Welcome to my personal homepage!
In 2013, I graduated with a Ph.D. in Economics from the London School of Economics and Political Science, where I was a Deutsche Bank Fellow at the Financial Markets Group. In Spring 2012, I visited the Department of Economics at New York University.
In September 2013, I joined the Bank of Canada as a research economist in the Financial Studies Division, subsequently promoted to Principal Researcher in September 2016.
I am a member of the Finance Theory Group.
- Financial Intermediation (main), Theory, International Finance
- Information choice and amplification of financial crises (with Ali Kakhbod, MIT)
We propose an amplification mechanism of financial crises based on the information choice of investors. Information acquisition always makes investors more likely to act against what is suggested by the prior. Deteriorating public news under an initially strong (weak) prior increases (reduces) the value of private information and induces more (less) information acquisition. Deteriorating public news always increases the probability of a crisis, since the initially strong (weak) prior suggests do-not-attack (attack). This effect is amplified when information choices are endogenous. To enhance financial stability, a policymaker can use taxes and subsidies to affect information acquisition. We also derive implications about the magnitude of amplification and discuss how these can be tested.Review of Financial Studies, 30 (6), June 2017, Pages 2130-78(Previous version published as Bank of Canada WP 2014-30)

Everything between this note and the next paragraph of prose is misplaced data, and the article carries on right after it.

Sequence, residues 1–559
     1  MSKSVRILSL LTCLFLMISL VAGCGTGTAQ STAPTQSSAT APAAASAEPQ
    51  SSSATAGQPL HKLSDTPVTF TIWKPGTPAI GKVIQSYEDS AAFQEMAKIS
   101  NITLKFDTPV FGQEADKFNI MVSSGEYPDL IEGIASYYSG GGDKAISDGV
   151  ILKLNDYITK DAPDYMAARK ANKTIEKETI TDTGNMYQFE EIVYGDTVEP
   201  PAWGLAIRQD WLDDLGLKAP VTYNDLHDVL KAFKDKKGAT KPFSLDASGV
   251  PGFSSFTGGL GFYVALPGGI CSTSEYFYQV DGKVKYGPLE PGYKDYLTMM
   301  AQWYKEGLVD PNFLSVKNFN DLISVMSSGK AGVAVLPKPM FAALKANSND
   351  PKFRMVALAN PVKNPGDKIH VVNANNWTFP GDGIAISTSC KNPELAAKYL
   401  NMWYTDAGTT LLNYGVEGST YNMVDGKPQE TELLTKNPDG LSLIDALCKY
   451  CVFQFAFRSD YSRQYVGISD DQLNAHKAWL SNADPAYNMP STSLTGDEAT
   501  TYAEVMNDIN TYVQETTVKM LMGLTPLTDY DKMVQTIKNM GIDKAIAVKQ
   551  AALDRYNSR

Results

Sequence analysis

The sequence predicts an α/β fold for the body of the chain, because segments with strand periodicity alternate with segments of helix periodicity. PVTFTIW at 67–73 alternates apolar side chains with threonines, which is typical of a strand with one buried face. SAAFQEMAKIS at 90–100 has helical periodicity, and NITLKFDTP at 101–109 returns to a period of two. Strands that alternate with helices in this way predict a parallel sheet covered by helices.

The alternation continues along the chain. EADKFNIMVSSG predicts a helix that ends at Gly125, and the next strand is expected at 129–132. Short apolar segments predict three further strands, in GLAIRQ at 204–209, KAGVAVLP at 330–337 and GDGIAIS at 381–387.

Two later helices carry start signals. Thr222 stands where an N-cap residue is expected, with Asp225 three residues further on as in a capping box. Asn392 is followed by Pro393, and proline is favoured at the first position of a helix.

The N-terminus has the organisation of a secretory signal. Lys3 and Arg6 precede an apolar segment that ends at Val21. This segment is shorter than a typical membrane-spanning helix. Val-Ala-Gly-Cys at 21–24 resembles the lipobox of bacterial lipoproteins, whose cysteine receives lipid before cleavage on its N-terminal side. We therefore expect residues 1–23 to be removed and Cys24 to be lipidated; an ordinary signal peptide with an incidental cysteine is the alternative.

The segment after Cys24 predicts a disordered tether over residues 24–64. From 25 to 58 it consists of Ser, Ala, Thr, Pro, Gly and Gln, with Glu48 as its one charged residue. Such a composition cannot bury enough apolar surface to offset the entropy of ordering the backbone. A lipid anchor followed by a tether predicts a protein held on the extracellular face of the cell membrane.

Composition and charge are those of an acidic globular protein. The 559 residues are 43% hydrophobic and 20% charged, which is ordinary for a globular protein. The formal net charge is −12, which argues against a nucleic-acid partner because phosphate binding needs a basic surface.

- Rollover Risk, Liquidity and Macroprudential Regulation
I study rollover risk in wholesale funding markets when intermediaries hold liquidity ex ante and fire sales may occur ex post. Multiple equilibria exist in a global rollover game: intermediate liquidity holdings support equilibria with both positive and zero expected liquidation. A simple uniqueness refinement pins down the private liquidity choice, which balances the forgone expected return on investment with reduced fragility and costly liquidation. Due to fire sales, liquidity holdings are strategic substitutes. Intermediaries free ride on the holdings of other intermediaries, causing excessive liquidation. To internalize the systemic nature of liquidity, a macroprudential authority imposes liquidity buffers.Journal of Money, Credit and Banking 48 (8), December 2016, Pages 1753-85.(Previous versions published as European Central Bank WP 1667 and Bank of Canada WP 2014-23)
- Information Contagion and Systemic Risk (with Co-Pierre Georg, University of Cape Town + Bundesbank)
We examine the effect of ex-post information contagion on the ex-ante level of systemic risk defined as the probability of joint default of banks. Because of counterparty risk or common exposures, bad news about one bank reveals valuable information about another bank and trigger information contagion. When banks are subject to common exposures, information contagion induces small adjustments to bank portfolios and therefore increases systemic risk overall. When banks are subject to counterparty risk, by contrast, information contagion induces a large shift toward more prudential portfolios and therefore reduces systemic risk.Journal of Financial Stability, doi:10.1016/j.jfs.2017.05.009(Also published as Bank of Canada WP 2017-29)